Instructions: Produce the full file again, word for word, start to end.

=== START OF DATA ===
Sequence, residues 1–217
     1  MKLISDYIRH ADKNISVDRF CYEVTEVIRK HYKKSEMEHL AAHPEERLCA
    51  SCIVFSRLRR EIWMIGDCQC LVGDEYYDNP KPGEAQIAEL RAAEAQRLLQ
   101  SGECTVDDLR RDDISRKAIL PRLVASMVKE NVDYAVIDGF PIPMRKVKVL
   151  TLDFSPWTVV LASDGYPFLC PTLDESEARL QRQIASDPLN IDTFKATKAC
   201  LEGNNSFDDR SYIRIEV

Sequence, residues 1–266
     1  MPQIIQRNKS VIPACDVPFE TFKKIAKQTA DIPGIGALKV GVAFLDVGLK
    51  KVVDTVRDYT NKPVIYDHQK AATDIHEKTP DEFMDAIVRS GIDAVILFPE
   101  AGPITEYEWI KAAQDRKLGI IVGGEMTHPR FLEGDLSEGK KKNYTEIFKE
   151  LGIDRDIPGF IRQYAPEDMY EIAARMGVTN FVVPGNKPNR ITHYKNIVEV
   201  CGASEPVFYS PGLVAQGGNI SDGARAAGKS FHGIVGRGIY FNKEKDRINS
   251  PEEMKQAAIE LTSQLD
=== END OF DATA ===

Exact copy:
Sequence, residues 1–217
     1  MKLISDYIRH ADKNISVDRF CYEVTEVIRK HYKKSEMEHL AAHPEERLCA
    51  SCIVFSRLRR EIWMIGDCQC LVGDEYYDNP KPGEAQIAEL RAAEAQRLLQ
   101  SGECTVDDLR RDDISRKAIL PRLVASMVKE NVDYAVIDGF PIPMRKVKVL
   151  TLDFSPWTVV LASDGYPFLC PTLDESEARL QRQIASDPLN IDTFKATKAC
   201  LEGNNSFDDR SYIRIEV

Sequence, residues 1–266
     1  MPQIIQRNKS VIPACDVPFE TFKKIAKQTA DIPGIGALKV GVAFLDVGLK
    51  KVVDTVRDYT NKPVIYDHQK AATDIHEKTP DEFMDAIVRS GIDAVILFPE
   101  AGPITEYEWI KAAQDRKLGI IVGGEMTHPR FLEGDLSEGK KKNYTEIFKE
   151  LGIDRDIPGF IRQYAPEDMY EIAARMGVTN FVVPGNKPNR ITHYKNIVEV
   201  CGASEPVFYS PGLVAQGGNI SDGARAAGKS FHGIVGRGIY FNKEKDRINS
   251  PEEMKQAAIE LTSQLD